Showdown: US Treasury v. Iran's Central Bank

♠ Posted by Emmanuel in at 2/26/2008 12:06:00 AM
Here's more conflict escalation, American style. The US Treasury Department is in the process of gathering dirt on Iran's central bank, accusing it of facilitating the transactions of Iranian banks that have been sanctioned against by the US of A. Isolating Iran's central bank would be a major move by the US to choke off one of Iran's key remaining financial links to the rest of the world, though the US needs to gain the support of its allies. The US hopes to do so by linking Iranian financial activity to terrorist financing. This showdown will be an interesting one to watch. Unlike the US, most European countries are not as harsh in their treatment of the Islamic republic. From the Wall Street Journal:

The Treasury Department is gathering evidence it says shows that the central bank of Iran is helping other Iranian institutions elude U.S. economic sanctions, in what could be a prelude to penalties against the central bank.

The investigation, described by financial-intelligence officials in three countries, signals a potential escalation in the financial battle Washington is waging against Tehran. Beginning in 2006, the U.S. imposed sanctions against several of Iran's major private-sector banks, blacklisting them for allegedly supporting terrorism and Iran's nuclear-weapons program.

Now, financial-intelligence officials say the Iranian central bank, also known as Bank Markazi, is handling U.S.-dollar transactions for the blacklisted private banks, and is also helping them by backing their existing dollar-denominated letters of credit.

The impact of any American move to sanction the central bank would depend in large measure on the extent to which U.S. allies joined in the effort. To enlist such support, the U.S. would have to make a strong public case for action...

The central bank is the keystone of Iran's financial system and its principal remaining lifeline to the international banking system. U.S. sanctions against it could have a severe impact on Iranian trade if other nations in Europe and Asia choose to go along with them. That would intensify the economic pressures already facing Iran...

U.S. officials have begun trying to lay the groundwork for a move against the central bank in public statements and meetings with key allies. In a Feb. 8 speech, U.S. Deputy Treasury Secretary Robert Kimmitt asserted that Iranian banks are attempting to remove their names from transaction records when conducting business internationally.

"This practice, which makes it difficult, if not impossible, to determine the true parties in the transaction, is even used by Bank Markazi, Iran's central bank," Mr. Kimmitt alleged...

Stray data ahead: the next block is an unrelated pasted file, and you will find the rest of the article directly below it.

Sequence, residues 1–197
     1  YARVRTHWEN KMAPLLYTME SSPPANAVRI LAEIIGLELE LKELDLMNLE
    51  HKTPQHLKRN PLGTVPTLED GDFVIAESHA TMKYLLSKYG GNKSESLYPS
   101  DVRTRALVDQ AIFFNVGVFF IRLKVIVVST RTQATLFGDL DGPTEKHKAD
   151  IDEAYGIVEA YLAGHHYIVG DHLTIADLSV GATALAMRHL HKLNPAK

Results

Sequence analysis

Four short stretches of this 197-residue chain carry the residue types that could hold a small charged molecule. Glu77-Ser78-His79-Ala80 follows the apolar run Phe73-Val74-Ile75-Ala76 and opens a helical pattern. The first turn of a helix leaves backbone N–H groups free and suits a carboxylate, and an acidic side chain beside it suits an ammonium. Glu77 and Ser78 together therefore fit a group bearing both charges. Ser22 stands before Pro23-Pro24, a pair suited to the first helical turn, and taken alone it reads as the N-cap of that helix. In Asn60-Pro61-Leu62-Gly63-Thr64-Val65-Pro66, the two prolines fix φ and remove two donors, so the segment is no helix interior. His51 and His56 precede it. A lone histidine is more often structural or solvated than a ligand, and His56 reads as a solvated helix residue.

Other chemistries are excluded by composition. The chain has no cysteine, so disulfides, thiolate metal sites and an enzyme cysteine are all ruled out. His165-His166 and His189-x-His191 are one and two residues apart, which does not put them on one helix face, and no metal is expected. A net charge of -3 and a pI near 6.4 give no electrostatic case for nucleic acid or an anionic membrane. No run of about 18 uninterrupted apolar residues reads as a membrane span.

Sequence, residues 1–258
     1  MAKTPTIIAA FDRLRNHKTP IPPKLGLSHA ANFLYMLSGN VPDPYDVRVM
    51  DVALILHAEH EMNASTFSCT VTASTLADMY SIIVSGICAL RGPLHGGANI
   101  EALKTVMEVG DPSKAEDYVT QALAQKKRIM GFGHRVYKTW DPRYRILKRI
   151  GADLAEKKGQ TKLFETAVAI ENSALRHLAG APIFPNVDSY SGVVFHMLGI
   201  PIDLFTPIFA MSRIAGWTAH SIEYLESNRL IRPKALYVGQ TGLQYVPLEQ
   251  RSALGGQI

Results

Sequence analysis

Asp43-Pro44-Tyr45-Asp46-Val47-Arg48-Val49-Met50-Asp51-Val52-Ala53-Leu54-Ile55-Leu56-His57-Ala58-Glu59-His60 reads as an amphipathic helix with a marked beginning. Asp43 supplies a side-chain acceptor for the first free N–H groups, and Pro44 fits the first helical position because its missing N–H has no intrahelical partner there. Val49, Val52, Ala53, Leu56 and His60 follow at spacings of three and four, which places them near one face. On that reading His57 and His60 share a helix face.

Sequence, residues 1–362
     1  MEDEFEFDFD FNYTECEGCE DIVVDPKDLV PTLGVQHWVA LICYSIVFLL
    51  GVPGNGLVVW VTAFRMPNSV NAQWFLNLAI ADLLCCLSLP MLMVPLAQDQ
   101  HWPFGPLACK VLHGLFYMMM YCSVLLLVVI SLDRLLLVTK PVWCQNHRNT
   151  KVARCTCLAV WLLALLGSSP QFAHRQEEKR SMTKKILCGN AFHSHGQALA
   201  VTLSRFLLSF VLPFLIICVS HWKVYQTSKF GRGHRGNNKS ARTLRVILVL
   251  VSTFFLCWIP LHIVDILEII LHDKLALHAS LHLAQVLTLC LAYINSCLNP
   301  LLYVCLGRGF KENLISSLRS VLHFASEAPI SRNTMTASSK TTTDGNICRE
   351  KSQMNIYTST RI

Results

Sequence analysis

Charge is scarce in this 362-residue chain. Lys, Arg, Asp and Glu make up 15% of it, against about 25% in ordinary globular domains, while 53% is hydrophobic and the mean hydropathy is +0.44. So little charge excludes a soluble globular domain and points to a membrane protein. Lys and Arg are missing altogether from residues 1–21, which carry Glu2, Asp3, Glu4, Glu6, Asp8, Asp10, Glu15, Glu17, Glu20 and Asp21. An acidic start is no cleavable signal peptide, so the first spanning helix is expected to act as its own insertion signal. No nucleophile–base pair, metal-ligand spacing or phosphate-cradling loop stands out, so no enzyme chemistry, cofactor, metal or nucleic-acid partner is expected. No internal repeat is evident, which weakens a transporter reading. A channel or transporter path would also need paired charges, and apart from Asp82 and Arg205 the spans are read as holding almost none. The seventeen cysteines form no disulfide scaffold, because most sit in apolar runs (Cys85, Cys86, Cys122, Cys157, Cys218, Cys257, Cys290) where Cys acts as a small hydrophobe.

The U.S. has rarely sanctioned a foreign central bank, though the central bank of Iraq was included in sanctions it imposed on that country in the 1990s as it ratcheted up pressure on then Iraqi leader Saddam Hussein.

Unlike the independent Federal Reserve in the U.S., Iran's central bank is an arm of the Iranian regime and subject to political influence. Its Money and Credit Council includes the country's minister of intelligence.

Also unlike the Fed and many other central banks, Bank Markazi handles letters of credit and foreign-exchange transactions for private and state-owned companies. Because it isn't included in current American and U.N. sanctions, and has accounts with many of the major European banks, it is able to tap those banks' services on behalf of the banks the U.S. has punished with sanctions...

Under American laws, any institution that aids an entity covered by American financial sanctions is itself liable to penalties. In practice, however, officials acknowledge that getting international support for action may require them to make a more powerful case that the Iranian central bank actually aids sinister activity, such as funding terrorism.

Officials are aiming to lay that foundation as well. Between 2001 and 2006, Mr. Kimmitt alleged in his speech, Bank Saderat, an Iranian bank, "moved $50 million from the central bank of Iran through its subsidiary in London to its branch in Beirut to the benefit of Hezbollah front organizations in Lebanon that support acts of violence." Those remarks reiterated an allegation the U.S. Treasury first leveled in 2006.